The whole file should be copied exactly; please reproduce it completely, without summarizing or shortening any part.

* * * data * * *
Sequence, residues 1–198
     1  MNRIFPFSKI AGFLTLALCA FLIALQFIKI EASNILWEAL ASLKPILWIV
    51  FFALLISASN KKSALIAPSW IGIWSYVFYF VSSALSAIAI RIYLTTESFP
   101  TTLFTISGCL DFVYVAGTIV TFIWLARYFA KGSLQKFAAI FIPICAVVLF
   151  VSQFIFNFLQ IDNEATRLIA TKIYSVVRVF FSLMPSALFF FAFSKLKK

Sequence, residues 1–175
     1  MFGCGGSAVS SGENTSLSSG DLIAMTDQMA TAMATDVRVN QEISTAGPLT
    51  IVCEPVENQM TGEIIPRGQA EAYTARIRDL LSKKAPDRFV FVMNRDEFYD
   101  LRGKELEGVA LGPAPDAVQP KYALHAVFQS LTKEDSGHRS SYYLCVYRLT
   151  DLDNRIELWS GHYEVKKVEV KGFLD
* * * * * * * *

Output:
Sequence, residues 1–198
     1  MNRIFPFSKI AGFLTLALCA FLIALQFIKI EASNILWEAL ASLKPILWIV
    51  FFALLISASN KKSALIAPSW IGIWSYVFYF VSSALSAIAI RIYLTTESFP
   101  TTLFTISGCL DFVYVAGTIV TFIWLARYFA KGSLQKFAAI FIPICAVVLF
   151  VSQFIFNFLQ IDNEATRLIA TKIYSVVRVF FSLMPSALFF FAFSKLKK

Sequence, residues 1–175
     1  MFGCGGSAVS SGENTSLSSG DLIAMTDQMA TAMATDVRVN QEISTAGPLT
    51  IVCEPVENQM TGEIIPRGQA EAYTARIRDL LSKKAPDRFV FVMNRDEFYD
   101  LRGKELEGVA LGPAPDAVQP KYALHAVFQS LTKEDSGHRS SYYLCVYRLT
   151  DLDNRIELWS GHYEVKKVEV KGFLD